During the drive down the river, it is lined with cabins and campers for those that enjoy being near the water. Most have boats at their docks and many slides end in the river. Frequently fishermen are either on the shore or wading nearby waiting for a nibble on their line, and perhaps fish to cook over a campfire in the evening

River Ohio

Imagine early travelers’ surprise upon seeing that the Muskingum River empties into the wide Ohio River at Marietta.

The trip ends at the first permanent settlement in the Northwest Territory – Marietta. Here the Muskingum River joins the Ohio River to flow eventually to the Gulf of Mexico.

River Lafayette

At the confluence of the Ohio and Muskingum Rivers stands the Lafayette Hotel.

Some say this beautiful old Lafayette Hotel still holds spirits of many travelers from the past. One nighttime visitor is Mr. Hoag, former owner of the hotel, who appears in his brown derby hat. That’s something not seen by my eyes, but a story heard by my ears.

The locks are open weekends 9:30 – 6:00 from mid May until mid October. Please check their schedule and call ahead if you need to use the locks at another time so a lock tender can be available.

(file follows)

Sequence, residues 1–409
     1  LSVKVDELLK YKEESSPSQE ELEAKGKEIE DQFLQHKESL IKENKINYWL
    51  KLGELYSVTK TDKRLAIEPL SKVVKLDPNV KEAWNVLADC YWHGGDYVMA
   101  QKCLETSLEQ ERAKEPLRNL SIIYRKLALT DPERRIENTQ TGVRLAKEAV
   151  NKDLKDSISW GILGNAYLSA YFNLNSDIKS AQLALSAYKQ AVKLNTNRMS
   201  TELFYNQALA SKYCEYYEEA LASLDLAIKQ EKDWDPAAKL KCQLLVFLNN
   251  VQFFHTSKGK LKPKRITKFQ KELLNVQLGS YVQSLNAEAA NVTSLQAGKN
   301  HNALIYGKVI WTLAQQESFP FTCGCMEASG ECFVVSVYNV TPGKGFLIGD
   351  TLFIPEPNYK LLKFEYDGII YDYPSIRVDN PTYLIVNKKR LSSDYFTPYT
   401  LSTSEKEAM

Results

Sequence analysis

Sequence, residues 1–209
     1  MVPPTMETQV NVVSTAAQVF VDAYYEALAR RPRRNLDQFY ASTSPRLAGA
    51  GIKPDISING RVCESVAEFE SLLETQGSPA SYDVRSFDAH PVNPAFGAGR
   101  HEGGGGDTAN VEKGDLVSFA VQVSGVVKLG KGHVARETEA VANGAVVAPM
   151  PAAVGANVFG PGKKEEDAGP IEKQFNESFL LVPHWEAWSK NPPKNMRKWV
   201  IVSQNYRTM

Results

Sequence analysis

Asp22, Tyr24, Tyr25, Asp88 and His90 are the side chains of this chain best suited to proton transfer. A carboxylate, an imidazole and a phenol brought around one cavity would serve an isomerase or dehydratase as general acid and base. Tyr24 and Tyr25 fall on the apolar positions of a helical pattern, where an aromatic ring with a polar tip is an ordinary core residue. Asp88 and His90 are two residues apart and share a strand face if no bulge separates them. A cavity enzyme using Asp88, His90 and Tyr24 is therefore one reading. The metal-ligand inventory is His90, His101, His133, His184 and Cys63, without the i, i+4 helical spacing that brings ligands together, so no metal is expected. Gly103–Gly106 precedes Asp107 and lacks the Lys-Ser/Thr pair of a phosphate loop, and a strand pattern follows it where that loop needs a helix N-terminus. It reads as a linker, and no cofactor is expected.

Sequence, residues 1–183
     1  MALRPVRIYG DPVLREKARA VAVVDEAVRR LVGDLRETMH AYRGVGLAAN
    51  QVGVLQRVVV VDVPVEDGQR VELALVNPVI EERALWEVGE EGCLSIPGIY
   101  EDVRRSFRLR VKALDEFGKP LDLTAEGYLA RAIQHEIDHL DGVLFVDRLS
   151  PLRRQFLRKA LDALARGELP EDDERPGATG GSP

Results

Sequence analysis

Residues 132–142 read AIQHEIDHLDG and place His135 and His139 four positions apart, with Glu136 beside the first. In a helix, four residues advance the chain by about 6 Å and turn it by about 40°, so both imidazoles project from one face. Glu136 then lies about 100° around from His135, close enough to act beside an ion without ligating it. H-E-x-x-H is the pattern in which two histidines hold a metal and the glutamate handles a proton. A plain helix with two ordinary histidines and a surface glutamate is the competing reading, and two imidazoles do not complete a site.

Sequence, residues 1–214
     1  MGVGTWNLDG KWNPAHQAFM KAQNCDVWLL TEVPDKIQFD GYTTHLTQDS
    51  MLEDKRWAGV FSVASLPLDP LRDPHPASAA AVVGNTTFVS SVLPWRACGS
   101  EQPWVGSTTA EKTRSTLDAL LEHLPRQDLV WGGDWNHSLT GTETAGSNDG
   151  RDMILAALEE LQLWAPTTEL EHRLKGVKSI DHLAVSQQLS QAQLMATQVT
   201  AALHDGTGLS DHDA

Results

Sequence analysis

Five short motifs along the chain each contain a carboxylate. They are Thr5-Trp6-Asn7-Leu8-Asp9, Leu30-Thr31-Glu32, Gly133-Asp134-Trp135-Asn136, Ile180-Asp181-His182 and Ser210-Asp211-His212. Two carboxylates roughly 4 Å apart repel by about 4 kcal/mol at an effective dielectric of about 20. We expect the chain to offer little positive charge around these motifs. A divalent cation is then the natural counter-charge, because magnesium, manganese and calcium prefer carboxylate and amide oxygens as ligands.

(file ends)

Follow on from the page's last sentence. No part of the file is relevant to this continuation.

valley-gem-heads-out

While in Marietta, you might want to cruise on the Valley Gem.

Be sure to take time to sit along the Ohio River and enjoy reminiscing about those long ago riverboats that went from Pittsburgh to Zanesville along this route. They carried both passengers and freight. Barges still carry their loads of coal and steel up and down the river, and people enjoy taking a ride in their pleasure boats as well.

Some things have changed, but the Muskingum River has remained the same since the days of ancient visitors. Hope you can enjoy a trip down the Muskingum River sometime soon.

Secluded Mission Oaks Gardens

A garden must combine the poetic and the mysterious

with a feeling of serenity and joy.

~Luis Barragan

mission-oaks

The entrance at Mission Oaks leads you down a path of tranquility surrounded by blossoms.

“The Secret Garden” describes this hidden-away place of relaxation in the midst of an older  residential area of Zanesville. Mission Oaks Gardens has over seven acres to keep you in the arms of Mother Nature.

Pink Tulips

Beds of colorful pink tulips brighten the pathway in the spring.